Spinal muscular atrophy (SMA) is a neuromuscular disorder that causes muscle weakness throughout your body. While some SMA treatments focus on modifying the genes responsible for the condition, other therapies focus on relieving your disease symptoms. In particular, many people with SMA have breathing problems that require specific treatments.
Respiratory (breathing) care is very important for people with this disorder. Different types of respiratory equipment can help develop your lungs, clear secretions (mucus and fluid) from your airway, ensure enough oxygen is getting into your blood, and help your lungs take deep breaths.
SMA causes you to have muscle weakness. Often, the muscles located near the middle of your body weaken sooner (and to a greater degree) than muscles located further from your body’s center. In particular, muscles in your chest can quickly lose strength. Chest muscles include your diaphragm (the thin muscle beneath your ribs) and the intercostal muscles (the set of muscles in between your ribs).
During normal breathing, your diaphragm and intercostal muscles work together to move air in and out of your lungs. In people with SMA, however, their intercostal muscles are often too weak to function properly. This causes many problems, including:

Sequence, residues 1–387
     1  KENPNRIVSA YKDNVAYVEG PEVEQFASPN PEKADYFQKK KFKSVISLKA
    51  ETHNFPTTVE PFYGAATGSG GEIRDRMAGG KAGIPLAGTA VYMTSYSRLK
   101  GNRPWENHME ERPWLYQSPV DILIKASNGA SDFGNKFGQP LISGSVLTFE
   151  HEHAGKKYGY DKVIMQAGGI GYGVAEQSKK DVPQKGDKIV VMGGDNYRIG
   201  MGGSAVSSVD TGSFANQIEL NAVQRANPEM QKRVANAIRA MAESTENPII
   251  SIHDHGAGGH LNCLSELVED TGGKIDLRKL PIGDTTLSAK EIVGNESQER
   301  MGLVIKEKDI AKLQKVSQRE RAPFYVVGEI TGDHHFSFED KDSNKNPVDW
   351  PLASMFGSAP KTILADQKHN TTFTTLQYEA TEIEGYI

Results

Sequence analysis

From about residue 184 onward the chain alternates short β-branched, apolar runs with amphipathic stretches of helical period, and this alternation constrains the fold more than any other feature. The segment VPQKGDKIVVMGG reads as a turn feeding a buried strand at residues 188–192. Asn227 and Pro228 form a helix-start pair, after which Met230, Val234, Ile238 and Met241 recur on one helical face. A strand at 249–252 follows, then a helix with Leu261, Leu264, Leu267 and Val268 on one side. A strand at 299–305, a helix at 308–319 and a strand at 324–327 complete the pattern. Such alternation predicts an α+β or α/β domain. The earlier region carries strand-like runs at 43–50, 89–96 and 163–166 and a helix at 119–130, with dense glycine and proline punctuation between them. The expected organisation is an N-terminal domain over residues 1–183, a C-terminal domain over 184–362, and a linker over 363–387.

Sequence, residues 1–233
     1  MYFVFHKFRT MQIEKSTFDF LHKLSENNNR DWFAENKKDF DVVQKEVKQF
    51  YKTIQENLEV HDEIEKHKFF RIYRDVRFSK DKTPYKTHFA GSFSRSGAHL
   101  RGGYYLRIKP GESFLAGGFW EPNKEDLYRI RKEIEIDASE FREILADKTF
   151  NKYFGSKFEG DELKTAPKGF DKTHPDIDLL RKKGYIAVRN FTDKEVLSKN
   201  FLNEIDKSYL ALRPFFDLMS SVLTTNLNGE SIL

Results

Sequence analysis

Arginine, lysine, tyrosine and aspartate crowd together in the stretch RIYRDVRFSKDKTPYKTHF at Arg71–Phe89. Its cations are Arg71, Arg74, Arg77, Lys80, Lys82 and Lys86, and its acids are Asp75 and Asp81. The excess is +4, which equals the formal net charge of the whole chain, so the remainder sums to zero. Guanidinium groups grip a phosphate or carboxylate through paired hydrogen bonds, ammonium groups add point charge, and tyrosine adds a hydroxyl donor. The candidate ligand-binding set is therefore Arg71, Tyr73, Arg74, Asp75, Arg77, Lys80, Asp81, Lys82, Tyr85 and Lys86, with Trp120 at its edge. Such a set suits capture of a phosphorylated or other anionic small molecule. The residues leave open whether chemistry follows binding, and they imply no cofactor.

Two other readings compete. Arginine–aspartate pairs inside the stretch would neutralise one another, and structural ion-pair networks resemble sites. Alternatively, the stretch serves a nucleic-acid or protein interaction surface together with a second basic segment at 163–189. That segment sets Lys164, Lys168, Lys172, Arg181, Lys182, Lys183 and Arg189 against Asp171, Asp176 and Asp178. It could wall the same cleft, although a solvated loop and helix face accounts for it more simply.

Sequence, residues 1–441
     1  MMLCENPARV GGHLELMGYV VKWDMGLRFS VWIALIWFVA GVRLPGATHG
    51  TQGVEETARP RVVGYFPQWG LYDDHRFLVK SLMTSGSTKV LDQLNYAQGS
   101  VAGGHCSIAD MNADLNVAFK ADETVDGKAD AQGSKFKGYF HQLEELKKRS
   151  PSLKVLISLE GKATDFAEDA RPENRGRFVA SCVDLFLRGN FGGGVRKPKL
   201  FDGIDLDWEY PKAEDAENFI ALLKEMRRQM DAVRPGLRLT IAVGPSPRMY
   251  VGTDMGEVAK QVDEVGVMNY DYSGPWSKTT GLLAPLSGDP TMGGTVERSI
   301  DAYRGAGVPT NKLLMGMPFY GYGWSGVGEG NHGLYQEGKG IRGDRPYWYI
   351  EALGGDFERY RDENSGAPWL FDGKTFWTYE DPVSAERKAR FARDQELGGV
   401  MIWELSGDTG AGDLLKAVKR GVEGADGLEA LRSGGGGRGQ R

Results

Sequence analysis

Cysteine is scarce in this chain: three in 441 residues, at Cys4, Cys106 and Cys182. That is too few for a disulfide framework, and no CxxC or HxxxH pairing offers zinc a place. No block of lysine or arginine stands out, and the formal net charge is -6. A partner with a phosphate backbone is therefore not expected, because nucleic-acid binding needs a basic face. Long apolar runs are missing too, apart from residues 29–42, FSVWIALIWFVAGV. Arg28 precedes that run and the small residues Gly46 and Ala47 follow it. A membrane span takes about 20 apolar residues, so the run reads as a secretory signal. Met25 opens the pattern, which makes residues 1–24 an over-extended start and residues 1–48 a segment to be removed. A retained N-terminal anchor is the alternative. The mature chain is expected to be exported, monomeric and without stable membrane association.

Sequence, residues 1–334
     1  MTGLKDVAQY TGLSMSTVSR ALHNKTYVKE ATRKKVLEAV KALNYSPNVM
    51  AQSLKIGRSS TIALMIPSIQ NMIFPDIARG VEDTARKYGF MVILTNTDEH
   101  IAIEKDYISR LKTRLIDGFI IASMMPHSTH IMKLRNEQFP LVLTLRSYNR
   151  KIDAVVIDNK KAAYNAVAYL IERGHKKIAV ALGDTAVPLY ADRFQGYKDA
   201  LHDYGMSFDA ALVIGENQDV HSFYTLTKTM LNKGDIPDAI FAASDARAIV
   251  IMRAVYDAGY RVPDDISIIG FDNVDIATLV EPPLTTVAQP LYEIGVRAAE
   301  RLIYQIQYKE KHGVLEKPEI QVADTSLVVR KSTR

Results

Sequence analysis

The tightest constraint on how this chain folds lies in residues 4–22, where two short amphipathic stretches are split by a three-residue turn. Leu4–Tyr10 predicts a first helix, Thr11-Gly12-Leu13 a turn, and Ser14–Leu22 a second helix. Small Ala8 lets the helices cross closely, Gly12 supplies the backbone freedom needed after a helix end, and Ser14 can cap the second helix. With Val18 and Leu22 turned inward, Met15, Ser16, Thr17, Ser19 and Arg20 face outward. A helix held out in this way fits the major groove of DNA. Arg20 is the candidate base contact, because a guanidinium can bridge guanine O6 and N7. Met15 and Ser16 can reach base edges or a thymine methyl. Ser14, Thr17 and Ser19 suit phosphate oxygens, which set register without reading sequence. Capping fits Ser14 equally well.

It is very important to address respiratory problems in anyone with SMA, but it’s particularly the case for children. Breathing difficulties are the number one cause of illness for children with SMA type 1 and SMA type 2. They are also the leading cause of death for children with SMA. However, many tools and treatments now exist to help support their healthy breathing. Effective respiratory care not only helps people with SMA stay as healthy as possible but it also improves their quality of life.
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There are many different types of equipment that can help with the lung or airway problems that people with SMA might encounter. Not every person with SMA will need to use the same therapies. The equipment that you might use depends on your specific respiratory needs and personal preferences.
Doctors who specialize in diagnosing and treating respiratory problems are called pulmonologists or respirologists. People with SMA should see a pulmonologist in order to come up with a respiratory treatment plan and to get help accessing any equipment they need.
Many people with SMA need help breathing. This help, or support, often comes in the form of ventilation equipment, which uses pressure to push air into your lungs.